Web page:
The preparations in Brazil come as Luft, the local logistics operator for Amazon’s book business, readies a move into another Prologis site nearby in Cajamar, sources said, leaving its current 12,000-square-meter facility in the city of Barueri.

Amazon registered in October to conduct operations in Cajamar, according to municipal records seen by Reuters.

The new logistics investment could spell trouble for rivals.

Mercado Libre has been a success story among Latin America tech start ups: its shares have nearly tripled since 2014, bringing its market capitalization to more than $ 15 billion.

Magazine Luiza’s stock has risen sixfold in each of the past two years as it shifted its rolled out an ambitious e-commerce strategy built on its brick and mortar stores.

Reporting by Gabriela Mello; Writing and additional reporting by Brad Haynes; Editing by Daniel Flynn and Alistair Bell


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Canada's Trudeau to meet Amazon CEO Bezos during U.S. visit
February 7, 2018 6:24 pm|Comments (0)

OTTAWA (Reuters) – Canadian Prime Minister Justin Trudeau will meet Amazon.com (AMZN.O) Chief Executive Jeff Bezos on Thursday during a tour of three major U.S. cities this week to bolster support for the North American Free Trade Agreement, which is being renegotiated.

Amazon is in the process of identifying a location to build a massive new second headquarters and has shortlisted 20 cities, including Toronto, the only non-U.S. city to make the list.

Trudeau will meet Bezos in San Francisco, the government said on Wednesday.

During his trip, Trudeau will also meet with other technology executives, including eBay Inc (EBAY.O) chief executive officer Devin Wenig.

Amazon founder and CEO Jeff Bezos gives some closing comments after opening the new Amazon Spheres with some help from Alexa during an opening event at Amazon’s headquarters in Seattle, Washington, U.S., January 29, 2018. REUTERS/Lindsey Wasson

“The point of those meetings is to portray Canada as a good place to invest … and to explore opportunities related to job growth with those prominent business leaders who may be interested in expanding their operations in Canada,” said spokesman Cameron Ahmad.

Ahmad declined to comment specifically on the meeting with Bezos.

Amazon’s decision on where to locate its second headquarters is expected this year. The tech giant has promised to invest $ 5 billion and create 50,000 jobs in the city it chooses. The 19 U.S. cities on the list include Chicago, Boston and New York.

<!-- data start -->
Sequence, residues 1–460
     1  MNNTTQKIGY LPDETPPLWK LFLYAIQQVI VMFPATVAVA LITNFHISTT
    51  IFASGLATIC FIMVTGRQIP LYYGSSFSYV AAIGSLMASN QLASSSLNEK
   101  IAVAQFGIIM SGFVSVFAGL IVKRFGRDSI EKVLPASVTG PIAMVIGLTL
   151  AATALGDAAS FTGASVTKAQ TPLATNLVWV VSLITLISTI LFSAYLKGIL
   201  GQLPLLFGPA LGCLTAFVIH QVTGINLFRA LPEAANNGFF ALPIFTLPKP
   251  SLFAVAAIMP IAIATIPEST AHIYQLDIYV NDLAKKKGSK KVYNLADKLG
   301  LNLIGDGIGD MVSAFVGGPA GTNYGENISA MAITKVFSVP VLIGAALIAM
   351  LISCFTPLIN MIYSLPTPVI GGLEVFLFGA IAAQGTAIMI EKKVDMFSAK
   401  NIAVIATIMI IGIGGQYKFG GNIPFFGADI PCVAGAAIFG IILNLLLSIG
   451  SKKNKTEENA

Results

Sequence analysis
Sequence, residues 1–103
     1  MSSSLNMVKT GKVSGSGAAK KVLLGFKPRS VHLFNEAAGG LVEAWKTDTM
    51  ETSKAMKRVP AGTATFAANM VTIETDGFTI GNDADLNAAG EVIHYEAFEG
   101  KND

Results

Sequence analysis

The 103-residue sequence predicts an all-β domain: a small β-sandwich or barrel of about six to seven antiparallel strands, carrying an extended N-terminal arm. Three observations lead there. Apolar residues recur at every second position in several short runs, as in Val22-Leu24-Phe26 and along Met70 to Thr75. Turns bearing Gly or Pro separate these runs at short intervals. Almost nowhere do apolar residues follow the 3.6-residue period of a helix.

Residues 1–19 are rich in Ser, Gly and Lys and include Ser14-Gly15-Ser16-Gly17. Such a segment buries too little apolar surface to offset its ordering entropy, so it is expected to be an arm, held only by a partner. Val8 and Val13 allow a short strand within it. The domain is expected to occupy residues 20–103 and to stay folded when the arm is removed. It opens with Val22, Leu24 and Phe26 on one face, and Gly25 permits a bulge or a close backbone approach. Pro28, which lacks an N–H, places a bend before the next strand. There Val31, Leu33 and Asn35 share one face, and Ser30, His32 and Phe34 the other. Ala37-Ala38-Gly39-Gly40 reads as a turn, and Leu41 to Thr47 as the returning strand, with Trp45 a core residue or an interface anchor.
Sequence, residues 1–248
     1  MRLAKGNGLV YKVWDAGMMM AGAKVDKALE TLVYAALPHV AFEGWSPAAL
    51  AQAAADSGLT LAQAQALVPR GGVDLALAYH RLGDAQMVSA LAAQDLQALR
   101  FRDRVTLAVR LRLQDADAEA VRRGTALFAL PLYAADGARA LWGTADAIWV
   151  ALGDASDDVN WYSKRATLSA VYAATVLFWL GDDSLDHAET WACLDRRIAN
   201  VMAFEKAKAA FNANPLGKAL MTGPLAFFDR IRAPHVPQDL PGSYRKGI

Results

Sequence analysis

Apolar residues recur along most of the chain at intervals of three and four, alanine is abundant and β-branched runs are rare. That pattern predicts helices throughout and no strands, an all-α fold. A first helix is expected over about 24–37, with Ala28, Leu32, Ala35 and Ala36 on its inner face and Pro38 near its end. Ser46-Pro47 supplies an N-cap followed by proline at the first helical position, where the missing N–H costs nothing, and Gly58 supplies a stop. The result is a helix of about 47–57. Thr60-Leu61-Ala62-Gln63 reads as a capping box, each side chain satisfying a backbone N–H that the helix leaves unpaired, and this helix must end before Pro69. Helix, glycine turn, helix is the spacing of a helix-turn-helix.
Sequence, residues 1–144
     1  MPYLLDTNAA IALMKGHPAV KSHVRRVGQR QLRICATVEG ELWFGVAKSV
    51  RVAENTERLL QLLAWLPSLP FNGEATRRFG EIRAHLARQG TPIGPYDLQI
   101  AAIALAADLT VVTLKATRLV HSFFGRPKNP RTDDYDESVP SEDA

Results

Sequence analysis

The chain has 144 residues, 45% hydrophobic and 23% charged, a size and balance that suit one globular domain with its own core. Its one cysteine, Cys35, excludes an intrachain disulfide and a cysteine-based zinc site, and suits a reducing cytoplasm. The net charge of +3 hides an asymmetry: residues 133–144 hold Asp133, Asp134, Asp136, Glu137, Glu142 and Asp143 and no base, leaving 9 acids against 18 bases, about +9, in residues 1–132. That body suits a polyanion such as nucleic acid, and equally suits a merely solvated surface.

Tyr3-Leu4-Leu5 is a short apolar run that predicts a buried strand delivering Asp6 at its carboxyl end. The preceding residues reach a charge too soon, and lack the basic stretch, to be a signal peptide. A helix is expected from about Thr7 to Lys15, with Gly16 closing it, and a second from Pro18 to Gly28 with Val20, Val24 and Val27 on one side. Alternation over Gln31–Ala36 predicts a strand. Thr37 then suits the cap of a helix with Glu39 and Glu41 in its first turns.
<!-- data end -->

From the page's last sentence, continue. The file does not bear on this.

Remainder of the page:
Trudeau’s trip also comes as Canada and Mexico strive to address U.S. demands for NAFTA reform, with the fate of the trade pact uncertain. Last week, Trudeau reiterated a tough stance, saying Canada could walk away if he was not happy with talks to modernize the agreement.

Trudeau is due to give a speech in Chicago on Wednesday to sell the merits of bilateral trade.

Reporting by Leah Schnurr and David Ljunggren; Editing by Bernadette Baum


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Google gets into audiobooks as rivalry with Amazon heats up
January 23, 2018 6:00 pm|Comments (0)

SAN FRANCISCO (Reuters) – Alphabet Inc’s Google introduced audiobooks to its online store on Tuesday, making its smart speakers and virtual assistant more competitive with Amazon.com Inc’s Echo devices and Alexa voice assistant.

Listening to audiobooks is among the most popular nighttime uses for smart speakers, a burgeoning type of home appliance that provides audio streams of music, news and other data based on user commands to an embedded virtual assistant.

But Google’s Home speakers have lagged Amazon Echo in terms of audiobook features. Amazon-owned Audible, the top provider of audiobooks, has not been supported on Home and other speakers with Google Assistant.

Google launching an audiobooks store widens the battle, which has also seen Google’s YouTube unit stop supporting an Amazon product.

Greg Hartrell, head of product management for Google Play Books, listed subscription-less buying as the top selling point for the new audiobooks store.

“You can buy a single audiobook at an affordable price, with no commitments,” he said in a blog post on Tuesday.

Audible offers one-off purchases, but promotes a $ 14.95 monthly subscription that includes one free download and 30 percent off further purchases. Amazon and Audible did not respond to requests to comment.

Google began selling ebooks in 2010. Hartrell told Reuters in a statement that audiobooks are being added because “our users are asking for them.”

About 16 percent of U.S. adults own a smart speaker, according to an Edison Research survey conducted in late 2017. The firm in conjunction with Triton Digital also found last spring that 30 percent of frequent audiobook listeners had used a smart speaker to take in an audiobook in the previous 12 months.

Audiobook sales surged nearly 20 percent annually for three consecutive years, reaching $ 2.1 billion in 2016, according to the latest Audio Publishers Assn. data.

Thad McIlroy, an online book industry consultant, said audiobooks represent the only publishing category with “strong growth” so it makes sense for Google to challenge Amazon despite having a weak ebooks business.